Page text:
http://library.link/vocab/ext/novelist/bookUI
133499
Cataloging source
LKR
http://library.link/vocab/creatorDate
1955-
http://library.link/vocab/creatorName
Carr, Caleb
Index
no index present
Literary form
fiction
http://library.link/vocab/resourcePreferred
True
http://library.link/vocab/subjectName
  • Holmes, Sherlock
  • Criminal psychology
http://bibfra.me/vocab/lite/titleRemainder
a further adventure of Sherlock Holmes
Label
The Italian secretary : a further adventure of Sherlock Holmes, Caleb Carr
Instantiates
Publication
Copyright
Carrier category
volume
Carrier category code
  • nc
Carrier MARC source
rdacarrier
Content category
text
Content type code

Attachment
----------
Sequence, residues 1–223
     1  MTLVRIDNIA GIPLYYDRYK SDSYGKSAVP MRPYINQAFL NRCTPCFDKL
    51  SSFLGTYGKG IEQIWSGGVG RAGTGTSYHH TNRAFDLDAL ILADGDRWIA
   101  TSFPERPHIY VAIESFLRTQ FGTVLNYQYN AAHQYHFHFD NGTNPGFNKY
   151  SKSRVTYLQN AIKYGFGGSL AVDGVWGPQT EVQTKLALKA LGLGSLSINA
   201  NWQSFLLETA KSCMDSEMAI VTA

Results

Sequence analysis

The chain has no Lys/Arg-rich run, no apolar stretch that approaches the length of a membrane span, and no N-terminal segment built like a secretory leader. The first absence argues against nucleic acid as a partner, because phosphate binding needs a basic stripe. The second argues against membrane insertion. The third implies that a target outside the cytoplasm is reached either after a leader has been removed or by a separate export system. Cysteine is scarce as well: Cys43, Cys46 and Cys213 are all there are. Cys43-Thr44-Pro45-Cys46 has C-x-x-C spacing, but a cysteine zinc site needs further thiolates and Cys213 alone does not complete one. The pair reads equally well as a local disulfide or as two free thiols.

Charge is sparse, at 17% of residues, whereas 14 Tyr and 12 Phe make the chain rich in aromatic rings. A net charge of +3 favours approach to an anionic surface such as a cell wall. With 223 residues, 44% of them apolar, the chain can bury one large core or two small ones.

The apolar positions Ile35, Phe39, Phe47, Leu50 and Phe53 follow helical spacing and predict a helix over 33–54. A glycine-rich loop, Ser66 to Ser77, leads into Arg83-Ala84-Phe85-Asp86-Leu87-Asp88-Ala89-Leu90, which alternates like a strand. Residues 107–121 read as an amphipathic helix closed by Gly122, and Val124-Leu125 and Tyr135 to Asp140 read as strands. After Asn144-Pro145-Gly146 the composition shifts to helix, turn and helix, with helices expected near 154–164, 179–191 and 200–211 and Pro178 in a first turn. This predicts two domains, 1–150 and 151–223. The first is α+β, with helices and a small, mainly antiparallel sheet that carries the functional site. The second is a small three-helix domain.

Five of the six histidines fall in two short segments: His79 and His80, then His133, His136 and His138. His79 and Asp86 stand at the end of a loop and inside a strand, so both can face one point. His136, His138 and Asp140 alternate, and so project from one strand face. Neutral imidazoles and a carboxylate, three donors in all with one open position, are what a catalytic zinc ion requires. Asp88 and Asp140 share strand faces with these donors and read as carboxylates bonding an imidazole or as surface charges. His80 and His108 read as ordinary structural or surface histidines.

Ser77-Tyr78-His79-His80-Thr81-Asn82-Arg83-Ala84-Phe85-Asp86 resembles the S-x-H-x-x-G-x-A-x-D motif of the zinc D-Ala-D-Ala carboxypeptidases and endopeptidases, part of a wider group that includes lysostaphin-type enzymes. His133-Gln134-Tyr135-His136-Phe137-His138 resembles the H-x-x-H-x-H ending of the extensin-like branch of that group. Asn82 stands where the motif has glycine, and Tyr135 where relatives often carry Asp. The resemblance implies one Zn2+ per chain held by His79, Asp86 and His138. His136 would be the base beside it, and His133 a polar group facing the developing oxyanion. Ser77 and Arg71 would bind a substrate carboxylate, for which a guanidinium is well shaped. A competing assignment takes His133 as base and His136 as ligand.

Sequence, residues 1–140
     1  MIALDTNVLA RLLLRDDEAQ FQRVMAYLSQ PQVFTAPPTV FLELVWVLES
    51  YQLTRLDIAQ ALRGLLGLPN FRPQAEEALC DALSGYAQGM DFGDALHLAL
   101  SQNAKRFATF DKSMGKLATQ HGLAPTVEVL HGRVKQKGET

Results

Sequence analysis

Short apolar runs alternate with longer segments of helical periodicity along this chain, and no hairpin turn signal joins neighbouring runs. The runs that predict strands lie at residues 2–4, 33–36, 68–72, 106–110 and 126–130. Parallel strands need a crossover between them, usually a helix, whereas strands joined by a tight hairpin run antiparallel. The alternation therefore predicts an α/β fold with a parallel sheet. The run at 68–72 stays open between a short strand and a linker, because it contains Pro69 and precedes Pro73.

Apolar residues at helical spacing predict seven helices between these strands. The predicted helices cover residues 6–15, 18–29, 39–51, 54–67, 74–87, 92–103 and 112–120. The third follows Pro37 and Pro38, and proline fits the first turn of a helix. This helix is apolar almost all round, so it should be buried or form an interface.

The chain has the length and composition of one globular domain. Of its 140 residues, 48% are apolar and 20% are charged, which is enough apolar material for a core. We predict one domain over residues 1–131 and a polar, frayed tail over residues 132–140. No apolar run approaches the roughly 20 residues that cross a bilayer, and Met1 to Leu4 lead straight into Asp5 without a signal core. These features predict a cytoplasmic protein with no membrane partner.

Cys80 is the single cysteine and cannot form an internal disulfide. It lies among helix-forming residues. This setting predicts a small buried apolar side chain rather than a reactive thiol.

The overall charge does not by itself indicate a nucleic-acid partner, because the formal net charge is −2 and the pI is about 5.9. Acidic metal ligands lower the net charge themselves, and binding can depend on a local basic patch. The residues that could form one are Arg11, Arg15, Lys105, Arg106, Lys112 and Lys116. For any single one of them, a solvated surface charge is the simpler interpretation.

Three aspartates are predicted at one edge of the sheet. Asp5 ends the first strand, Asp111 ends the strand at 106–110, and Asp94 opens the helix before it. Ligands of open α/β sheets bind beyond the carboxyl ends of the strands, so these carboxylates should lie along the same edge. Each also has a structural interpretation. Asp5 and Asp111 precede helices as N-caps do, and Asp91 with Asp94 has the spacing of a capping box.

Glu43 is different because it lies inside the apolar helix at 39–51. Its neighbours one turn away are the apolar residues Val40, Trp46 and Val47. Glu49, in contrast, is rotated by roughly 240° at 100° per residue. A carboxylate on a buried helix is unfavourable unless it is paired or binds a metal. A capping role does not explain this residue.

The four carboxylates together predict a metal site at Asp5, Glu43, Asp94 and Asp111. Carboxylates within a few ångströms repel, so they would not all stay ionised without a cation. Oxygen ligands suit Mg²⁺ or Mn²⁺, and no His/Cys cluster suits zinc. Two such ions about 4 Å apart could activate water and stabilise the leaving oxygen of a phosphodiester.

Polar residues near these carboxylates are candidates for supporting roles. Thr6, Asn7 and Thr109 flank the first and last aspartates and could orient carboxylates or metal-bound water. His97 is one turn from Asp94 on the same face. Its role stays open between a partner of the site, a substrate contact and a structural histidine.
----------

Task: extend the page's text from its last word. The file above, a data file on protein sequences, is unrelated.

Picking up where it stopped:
• txt
Content type MARC source
rdacontent
Control code
505877
Dimensions
22 cm
Extent
266 pages
Isbn
9780786715480
Isbn Type
(hardcover)
Media category
unmediated
Media MARC source
rdamedia
Media type code
  • n
System control number
(Sirsi) i9780786715480
Label
The Italian secretary : a further adventure of Sherlock Holmes, Caleb Carr
Publication
Copyright
Carrier category
volume
Carrier category code
  • nc
Carrier MARC source
rdacarrier
Content category
text
Content type code
  • txt
Content type MARC source
rdacontent
Control code
505877
Dimensions
22 cm
Extent
266 pages
Isbn
9780786715480
Isbn Type
(hardcover)
Media category
unmediated
Media MARC source
rdamedia
Media type code
  • n
System control number
(Sirsi) i9780786715480

Library Locations

    • Central LibraryBorrow it
      710 W. Cesar Chavez St, Austin, TX, 78701, US
      30.2713021 -97.7460168
    • Manchaca Road BranchBorrow it
      5500 Manchaca Road, Austin, TX, 78745, US
      30.2166039 -97.79733689999999